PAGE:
Link to this page: https://www.socialistparty.org.uk/issue/196/8126
Low Paid Say
We're worth more than £4.10 an hour
A minimum wage of at least £5 an hour as a step towards the European decency threshold of £7 an hour.
No exemptions. For an annual rise, linked to average earnings.
AN ELECTION is definitely in the offing. New Labour's Stephen Byers has announced that the national minimum wage will go up by 10% this October. Welcome as any rise will be for the lowest-paid workers, that's only about 40p an hour.
Steve Score, Leicester Socialist Party, and prospective Socialist Alliance candidate, Leicester West
The minimum wage, now £3.70 an hour, will rise to £4.10 an hour this autumn with a further tiny (10p) increase in October 2002. So in its first four years the minimum wage will have gone up by a measly 60p an hour from its starting rate of £3.60.
Compare that to the extravagant pay rises for fat cat bosses. Trevor Ball, chief executive of BSkyB, got paid £16.3 million last year. Someone on the new improved minimum wage working a 35-hoiir week would take 2,184 years to get that much!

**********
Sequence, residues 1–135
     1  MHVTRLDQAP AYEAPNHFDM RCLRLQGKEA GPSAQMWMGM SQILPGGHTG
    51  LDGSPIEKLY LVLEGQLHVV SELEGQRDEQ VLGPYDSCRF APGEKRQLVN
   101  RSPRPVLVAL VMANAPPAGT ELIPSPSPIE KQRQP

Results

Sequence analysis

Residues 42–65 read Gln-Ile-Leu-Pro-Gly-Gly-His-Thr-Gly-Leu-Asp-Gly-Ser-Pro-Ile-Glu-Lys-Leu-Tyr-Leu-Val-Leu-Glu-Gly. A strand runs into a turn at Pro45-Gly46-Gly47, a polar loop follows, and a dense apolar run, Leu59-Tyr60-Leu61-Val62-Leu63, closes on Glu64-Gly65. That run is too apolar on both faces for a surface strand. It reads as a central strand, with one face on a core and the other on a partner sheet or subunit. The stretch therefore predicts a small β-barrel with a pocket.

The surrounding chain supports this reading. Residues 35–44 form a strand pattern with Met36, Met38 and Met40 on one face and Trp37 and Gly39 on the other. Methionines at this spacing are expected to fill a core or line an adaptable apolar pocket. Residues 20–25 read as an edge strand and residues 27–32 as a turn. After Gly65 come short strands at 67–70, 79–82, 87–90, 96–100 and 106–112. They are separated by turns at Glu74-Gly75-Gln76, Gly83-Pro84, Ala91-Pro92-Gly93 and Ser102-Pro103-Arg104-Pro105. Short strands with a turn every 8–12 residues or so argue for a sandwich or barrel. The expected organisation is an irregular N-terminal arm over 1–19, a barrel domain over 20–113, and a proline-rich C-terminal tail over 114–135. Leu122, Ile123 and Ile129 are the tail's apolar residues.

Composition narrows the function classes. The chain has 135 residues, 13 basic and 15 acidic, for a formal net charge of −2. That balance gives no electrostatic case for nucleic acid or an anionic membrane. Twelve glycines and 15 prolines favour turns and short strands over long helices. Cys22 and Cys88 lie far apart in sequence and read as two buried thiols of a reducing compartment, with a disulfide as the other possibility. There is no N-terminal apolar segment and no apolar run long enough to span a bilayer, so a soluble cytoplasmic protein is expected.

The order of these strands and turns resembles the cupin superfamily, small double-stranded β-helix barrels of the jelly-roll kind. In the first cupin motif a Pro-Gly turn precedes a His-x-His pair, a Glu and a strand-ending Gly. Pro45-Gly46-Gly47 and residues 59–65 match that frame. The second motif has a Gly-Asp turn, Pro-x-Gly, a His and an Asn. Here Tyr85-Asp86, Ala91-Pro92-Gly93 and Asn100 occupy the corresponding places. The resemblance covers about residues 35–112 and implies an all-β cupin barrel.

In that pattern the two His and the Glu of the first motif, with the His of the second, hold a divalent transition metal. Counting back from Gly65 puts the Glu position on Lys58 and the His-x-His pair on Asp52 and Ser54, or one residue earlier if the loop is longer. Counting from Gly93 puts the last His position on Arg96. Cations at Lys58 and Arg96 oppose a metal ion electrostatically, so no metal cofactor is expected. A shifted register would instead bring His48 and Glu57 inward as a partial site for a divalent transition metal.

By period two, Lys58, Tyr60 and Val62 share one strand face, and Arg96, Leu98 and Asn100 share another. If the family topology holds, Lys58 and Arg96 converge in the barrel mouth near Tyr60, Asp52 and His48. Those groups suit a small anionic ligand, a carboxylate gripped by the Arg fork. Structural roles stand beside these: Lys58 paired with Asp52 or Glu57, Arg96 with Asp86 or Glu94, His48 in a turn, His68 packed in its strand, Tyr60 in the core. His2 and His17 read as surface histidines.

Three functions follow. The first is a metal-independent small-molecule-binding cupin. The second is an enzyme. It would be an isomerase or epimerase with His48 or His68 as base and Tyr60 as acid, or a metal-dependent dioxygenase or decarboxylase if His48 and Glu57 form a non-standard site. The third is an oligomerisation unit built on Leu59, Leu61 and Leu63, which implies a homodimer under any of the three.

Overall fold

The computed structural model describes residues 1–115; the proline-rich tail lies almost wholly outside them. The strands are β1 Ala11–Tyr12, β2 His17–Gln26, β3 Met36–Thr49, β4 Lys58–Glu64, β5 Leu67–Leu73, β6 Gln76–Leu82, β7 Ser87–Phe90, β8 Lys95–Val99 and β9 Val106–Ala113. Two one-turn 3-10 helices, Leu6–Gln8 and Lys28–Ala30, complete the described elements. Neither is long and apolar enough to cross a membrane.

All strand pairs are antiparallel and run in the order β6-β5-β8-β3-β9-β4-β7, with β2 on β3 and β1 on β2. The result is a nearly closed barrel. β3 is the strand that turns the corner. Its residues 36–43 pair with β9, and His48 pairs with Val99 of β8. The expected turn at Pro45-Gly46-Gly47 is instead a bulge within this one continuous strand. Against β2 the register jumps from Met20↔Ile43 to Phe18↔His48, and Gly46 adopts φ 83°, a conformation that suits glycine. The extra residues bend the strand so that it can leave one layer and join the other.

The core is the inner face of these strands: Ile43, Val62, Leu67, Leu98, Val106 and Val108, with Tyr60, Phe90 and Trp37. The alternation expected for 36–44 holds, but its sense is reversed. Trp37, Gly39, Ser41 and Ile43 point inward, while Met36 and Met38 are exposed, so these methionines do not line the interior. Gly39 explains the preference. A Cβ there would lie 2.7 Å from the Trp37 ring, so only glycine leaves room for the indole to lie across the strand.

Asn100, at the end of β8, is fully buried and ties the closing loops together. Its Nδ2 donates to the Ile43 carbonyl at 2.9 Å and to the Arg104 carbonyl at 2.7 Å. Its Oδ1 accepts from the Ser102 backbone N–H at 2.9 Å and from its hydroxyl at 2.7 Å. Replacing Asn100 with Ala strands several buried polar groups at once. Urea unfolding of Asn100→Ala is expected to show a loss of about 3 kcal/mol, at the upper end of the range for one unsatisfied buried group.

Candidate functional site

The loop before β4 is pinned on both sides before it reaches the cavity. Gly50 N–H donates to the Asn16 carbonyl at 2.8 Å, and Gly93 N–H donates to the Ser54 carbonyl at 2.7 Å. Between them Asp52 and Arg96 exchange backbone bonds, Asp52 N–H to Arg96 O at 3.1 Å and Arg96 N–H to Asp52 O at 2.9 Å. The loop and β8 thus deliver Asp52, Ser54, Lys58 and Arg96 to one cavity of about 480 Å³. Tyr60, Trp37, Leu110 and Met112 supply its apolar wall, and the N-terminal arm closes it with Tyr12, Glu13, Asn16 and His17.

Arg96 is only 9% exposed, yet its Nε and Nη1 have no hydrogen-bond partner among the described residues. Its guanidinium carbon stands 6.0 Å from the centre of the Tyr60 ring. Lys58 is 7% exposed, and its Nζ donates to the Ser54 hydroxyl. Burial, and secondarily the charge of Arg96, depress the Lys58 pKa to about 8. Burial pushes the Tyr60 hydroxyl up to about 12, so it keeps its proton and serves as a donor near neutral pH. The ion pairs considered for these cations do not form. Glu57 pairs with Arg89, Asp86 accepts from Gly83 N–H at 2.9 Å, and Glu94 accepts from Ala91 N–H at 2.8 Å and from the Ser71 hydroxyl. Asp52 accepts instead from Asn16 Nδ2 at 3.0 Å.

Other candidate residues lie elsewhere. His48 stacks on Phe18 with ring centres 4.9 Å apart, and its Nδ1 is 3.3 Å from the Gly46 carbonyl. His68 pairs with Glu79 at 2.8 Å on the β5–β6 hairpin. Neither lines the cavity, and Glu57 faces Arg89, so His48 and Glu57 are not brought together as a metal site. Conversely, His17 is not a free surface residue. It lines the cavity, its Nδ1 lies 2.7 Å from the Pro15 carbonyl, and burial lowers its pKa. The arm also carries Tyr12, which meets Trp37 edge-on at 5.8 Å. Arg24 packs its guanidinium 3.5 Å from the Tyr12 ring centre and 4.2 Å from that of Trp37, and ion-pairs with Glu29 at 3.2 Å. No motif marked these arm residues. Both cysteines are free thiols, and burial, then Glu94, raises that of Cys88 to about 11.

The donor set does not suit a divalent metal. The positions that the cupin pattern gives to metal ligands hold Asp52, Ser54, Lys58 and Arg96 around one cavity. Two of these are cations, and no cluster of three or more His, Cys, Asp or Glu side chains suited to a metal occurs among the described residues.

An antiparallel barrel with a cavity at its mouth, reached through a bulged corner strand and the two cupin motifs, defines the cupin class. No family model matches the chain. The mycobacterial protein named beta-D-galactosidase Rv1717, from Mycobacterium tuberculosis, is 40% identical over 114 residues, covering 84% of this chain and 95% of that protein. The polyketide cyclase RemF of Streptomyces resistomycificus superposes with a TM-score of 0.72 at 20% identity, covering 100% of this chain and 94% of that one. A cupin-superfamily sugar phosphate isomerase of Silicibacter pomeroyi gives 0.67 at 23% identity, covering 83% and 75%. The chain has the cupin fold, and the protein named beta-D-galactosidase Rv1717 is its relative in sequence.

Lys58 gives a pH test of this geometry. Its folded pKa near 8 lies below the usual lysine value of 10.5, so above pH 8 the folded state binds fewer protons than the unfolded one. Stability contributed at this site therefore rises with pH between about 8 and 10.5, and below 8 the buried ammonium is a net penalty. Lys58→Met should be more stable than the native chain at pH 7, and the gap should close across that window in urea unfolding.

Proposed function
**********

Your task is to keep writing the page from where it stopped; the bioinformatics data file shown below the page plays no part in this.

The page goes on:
This rise won't lift people out of the poverty trap. For many working families, most of any cash rise is taken away by benefit losses.
It's not until the hourly rate exceeds the European decency threshold of £7 an hour that low paid working families keep most of any wage increase. If New Labour were serious about ending poverty then that's the level it should be.
18-21 year-olds, at present on £3.20 an hour, won't get their wages reviewed until next May. Younger workers are not protected by any minimum wage laws.
Enforcement of the minimum wage is too weak. Leicester city council wants the Inland Revenue to conduct spot cheeks on employers. New Labour should have done that from day one!
Workers, particularly in low-paying sectors such as the textile industry, can't understand why only a tiny proportion of employers who pay below the minimum wage have been prosecuted.
This government has a £40 billion budget surplus in its election chest but it's more interested in cosying up to business than defending workers and raising living standards.
The fat cats tell us they can't afford it, yet top executives had an average pay rise of 17.6% last year!
In The Socialist 9 March 2001: